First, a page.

The purpose of this study was to examine surgeon techniques and considerations for treatment of massive rotator cuff tears, including how they implement the use of SCR using a questionnaire. We chose to survey surgeons with expertise in the field; we targeted members of orthopedic professional societies, namely the American Shoulder and Elbow Surgeons (ASES) and the American Orthopedic Society for Sports Medicine (AOSSM). This cross-sectional descriptive study aimed to give observations about provider management preferences and opinions. We hypothesized that the management of massive rotator cuff tears and the usage of SCR would vary widely in terms of technical preferences and indications.

      Methods

      We designed and implemented a survey for members of the ASES and AOSSM. The survey was administered as a one-time, anonymous link sent via primary contact email for participants from August to December 2019. Prior to study initiation, the protocol was approved by the institutional review board at the institution of the principal investigator.

      Study population

      Participants were members of either (or both) the ASES or the AOSSM. Membership within these professional societies is exclusive to orthopedic surgeons and includes providers that focus on sports medicine and/or shoulder and elbow primarily. All participants were over 18 years old.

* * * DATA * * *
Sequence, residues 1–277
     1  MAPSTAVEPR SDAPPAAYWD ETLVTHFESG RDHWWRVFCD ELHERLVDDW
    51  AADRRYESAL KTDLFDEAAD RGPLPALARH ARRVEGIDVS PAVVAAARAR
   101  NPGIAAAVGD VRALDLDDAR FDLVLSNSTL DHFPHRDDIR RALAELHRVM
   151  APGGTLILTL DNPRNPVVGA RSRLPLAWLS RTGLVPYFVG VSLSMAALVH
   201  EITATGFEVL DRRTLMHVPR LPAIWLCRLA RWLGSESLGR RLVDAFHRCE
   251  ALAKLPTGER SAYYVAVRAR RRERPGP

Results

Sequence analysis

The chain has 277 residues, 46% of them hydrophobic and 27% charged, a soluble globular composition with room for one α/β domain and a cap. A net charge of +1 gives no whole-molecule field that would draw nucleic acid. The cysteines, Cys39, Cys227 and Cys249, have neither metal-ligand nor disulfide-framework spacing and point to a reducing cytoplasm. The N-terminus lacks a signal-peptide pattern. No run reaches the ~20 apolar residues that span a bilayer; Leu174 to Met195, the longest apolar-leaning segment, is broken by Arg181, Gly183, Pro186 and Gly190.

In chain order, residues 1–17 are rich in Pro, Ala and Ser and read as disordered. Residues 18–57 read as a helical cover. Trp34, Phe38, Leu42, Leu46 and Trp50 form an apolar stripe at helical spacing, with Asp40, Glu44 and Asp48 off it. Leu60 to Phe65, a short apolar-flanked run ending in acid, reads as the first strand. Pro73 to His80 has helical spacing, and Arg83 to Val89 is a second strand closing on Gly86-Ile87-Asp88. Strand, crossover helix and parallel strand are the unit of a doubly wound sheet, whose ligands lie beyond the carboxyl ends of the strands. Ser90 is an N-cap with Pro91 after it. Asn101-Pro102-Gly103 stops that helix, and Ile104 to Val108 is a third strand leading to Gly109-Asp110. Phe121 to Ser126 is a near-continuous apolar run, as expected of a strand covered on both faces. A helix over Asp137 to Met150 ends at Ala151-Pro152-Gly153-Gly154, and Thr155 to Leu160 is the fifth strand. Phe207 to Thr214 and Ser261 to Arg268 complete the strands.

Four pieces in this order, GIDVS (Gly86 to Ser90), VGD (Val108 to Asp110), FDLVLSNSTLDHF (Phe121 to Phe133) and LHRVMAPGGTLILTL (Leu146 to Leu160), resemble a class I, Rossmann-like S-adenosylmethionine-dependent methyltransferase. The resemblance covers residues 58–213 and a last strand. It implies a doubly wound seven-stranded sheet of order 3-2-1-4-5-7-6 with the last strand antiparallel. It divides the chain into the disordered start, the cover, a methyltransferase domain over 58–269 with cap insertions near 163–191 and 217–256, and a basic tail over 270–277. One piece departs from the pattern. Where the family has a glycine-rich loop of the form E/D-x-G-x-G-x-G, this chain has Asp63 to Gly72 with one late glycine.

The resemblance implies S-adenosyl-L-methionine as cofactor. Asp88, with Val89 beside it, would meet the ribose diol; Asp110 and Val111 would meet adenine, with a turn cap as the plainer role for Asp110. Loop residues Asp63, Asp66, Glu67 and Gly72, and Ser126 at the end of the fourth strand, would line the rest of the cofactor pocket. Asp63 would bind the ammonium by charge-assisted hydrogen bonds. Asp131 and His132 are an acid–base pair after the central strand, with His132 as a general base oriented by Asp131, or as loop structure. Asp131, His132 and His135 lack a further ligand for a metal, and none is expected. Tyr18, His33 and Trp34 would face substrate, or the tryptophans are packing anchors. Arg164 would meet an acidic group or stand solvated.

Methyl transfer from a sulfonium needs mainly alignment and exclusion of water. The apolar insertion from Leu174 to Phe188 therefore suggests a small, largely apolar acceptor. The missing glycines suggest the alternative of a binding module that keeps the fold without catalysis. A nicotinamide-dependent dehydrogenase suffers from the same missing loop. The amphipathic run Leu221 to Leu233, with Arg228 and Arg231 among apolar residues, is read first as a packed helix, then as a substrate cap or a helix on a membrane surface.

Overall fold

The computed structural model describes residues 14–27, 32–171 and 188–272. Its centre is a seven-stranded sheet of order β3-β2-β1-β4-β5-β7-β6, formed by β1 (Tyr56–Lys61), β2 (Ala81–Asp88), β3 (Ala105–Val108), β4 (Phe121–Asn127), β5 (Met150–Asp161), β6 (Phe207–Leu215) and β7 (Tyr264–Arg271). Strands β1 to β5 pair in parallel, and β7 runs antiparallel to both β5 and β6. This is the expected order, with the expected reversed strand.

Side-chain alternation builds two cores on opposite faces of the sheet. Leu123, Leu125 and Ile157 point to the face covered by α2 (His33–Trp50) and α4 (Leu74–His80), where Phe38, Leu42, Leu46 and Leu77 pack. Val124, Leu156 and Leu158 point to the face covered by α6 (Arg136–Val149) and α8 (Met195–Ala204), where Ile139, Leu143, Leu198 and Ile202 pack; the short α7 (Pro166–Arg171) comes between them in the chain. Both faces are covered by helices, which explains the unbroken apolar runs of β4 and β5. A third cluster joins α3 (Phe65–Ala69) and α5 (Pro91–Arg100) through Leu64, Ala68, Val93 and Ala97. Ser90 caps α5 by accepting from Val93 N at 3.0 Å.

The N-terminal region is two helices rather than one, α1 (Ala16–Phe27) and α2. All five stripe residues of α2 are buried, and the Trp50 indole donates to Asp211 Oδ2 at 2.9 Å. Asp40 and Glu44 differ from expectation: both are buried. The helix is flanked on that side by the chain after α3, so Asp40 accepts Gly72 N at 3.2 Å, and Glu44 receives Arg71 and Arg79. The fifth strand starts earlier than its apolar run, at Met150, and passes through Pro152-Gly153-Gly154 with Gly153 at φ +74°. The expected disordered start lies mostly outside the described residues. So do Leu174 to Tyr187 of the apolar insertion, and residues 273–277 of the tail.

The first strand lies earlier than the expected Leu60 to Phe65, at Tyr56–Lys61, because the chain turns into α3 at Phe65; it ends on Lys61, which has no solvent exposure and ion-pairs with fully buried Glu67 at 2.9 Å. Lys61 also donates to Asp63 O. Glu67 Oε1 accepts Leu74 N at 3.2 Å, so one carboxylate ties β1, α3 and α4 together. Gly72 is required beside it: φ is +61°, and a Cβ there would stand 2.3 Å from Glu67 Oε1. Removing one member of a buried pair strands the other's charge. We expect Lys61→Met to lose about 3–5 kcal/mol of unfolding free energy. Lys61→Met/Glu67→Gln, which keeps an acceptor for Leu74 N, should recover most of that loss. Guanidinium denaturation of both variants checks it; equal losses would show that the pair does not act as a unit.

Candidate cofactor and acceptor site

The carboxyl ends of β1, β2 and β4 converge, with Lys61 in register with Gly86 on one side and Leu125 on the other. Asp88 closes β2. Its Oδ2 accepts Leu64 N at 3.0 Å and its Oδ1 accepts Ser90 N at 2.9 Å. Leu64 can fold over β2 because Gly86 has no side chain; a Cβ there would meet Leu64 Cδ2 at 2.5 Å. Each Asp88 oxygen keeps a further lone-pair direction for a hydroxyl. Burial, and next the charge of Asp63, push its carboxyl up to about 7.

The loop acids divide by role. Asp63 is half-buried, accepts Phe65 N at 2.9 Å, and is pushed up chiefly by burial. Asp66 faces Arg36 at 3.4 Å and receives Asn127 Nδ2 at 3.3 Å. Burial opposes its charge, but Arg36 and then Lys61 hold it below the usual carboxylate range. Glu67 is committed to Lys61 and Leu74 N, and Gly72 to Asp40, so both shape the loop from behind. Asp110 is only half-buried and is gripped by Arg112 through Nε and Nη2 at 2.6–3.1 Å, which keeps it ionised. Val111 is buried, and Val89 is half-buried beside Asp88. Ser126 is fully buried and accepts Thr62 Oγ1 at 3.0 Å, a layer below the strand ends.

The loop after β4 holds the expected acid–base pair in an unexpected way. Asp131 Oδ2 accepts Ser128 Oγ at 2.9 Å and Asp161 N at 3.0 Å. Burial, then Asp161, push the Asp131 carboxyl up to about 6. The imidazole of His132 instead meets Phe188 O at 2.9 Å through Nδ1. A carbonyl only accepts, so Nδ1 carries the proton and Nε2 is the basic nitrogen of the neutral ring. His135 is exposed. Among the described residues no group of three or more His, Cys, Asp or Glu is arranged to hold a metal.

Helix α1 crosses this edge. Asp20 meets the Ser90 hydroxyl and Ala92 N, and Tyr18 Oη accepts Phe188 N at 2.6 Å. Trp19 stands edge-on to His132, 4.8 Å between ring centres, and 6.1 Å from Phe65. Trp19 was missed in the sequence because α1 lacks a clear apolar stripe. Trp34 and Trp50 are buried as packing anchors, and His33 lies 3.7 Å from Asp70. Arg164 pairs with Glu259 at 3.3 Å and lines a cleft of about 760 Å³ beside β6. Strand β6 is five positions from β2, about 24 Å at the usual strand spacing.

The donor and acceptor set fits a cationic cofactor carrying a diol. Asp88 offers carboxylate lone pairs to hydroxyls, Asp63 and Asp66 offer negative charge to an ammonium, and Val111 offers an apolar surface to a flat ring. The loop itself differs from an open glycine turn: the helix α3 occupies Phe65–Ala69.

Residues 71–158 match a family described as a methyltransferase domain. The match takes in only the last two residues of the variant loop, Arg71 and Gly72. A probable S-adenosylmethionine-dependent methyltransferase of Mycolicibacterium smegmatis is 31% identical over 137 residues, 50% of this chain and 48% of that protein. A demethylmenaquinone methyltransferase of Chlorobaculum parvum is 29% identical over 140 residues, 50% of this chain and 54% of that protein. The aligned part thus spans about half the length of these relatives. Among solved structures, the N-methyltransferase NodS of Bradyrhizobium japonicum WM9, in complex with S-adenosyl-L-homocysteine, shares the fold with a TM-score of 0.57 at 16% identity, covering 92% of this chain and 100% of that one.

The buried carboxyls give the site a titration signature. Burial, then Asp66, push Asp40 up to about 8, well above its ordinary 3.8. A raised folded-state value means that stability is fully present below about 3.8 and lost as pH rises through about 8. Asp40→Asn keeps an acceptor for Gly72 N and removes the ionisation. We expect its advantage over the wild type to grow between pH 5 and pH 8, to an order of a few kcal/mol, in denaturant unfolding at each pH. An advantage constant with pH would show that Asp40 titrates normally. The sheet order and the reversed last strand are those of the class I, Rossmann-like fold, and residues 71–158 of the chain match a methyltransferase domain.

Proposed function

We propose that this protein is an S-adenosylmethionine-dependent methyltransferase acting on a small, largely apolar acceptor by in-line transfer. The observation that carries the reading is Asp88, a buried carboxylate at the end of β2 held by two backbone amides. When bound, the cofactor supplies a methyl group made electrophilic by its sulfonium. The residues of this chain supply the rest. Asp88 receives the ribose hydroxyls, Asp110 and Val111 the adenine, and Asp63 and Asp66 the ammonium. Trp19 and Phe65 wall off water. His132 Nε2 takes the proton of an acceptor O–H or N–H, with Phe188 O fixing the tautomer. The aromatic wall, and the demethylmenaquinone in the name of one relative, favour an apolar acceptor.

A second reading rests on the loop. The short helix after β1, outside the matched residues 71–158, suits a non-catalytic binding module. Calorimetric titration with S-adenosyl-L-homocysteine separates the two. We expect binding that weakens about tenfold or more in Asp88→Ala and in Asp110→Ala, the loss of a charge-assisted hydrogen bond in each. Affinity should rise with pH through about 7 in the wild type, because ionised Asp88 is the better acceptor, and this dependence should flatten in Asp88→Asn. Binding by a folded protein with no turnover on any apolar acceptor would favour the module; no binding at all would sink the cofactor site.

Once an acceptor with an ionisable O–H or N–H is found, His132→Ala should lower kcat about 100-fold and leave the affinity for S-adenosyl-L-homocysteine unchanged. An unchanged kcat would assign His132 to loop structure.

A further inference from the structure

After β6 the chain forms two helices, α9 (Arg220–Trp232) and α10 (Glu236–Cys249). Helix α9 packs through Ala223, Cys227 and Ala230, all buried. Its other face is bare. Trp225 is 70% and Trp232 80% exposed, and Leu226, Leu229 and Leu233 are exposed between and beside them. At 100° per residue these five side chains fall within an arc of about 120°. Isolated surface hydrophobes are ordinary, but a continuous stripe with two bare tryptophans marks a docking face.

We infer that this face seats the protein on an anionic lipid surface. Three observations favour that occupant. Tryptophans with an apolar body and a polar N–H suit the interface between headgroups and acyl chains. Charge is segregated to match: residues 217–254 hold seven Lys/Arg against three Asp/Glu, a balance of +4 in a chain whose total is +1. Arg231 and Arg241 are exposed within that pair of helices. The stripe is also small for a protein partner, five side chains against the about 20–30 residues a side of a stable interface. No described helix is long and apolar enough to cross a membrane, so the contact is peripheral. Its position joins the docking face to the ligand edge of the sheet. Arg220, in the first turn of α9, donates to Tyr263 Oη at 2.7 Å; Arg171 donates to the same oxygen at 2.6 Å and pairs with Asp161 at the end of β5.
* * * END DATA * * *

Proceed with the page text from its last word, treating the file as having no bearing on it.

Survey design

      We constructed a 21-item questionnaire which included: 2 questions on surgeon practice and experience, 5 questions on management preferences for treatment of massive rotator cuff tears, 2 questions on treatment choice for patient scenarios, 2 questions on implant choices and augmentation in massive rotator cuff tears, and 3 questions of beliefs about SCR. The last section was specific only to providers that perform SCR as part of their practice; this included 7 questions on SCR specifics regarding technique, implants, and augments. The questions were developed based upon expert opinion at the discretion of the principal investigator.

      Results

      A total of 230 participants responded to the survey (Fig. 1). The providers represented a wide spectrum of years in practice: 0-5 years (21.9%), 6-10 years (21.9%), 11-20 years (27.2%), and >20 years (29.0%). Polled providers reported performing a number of yearly RCRs ranging from: 0-20 (3.5%), 20-50 (21.0%), 50-100 (28.0%), and 100+ (47.6%).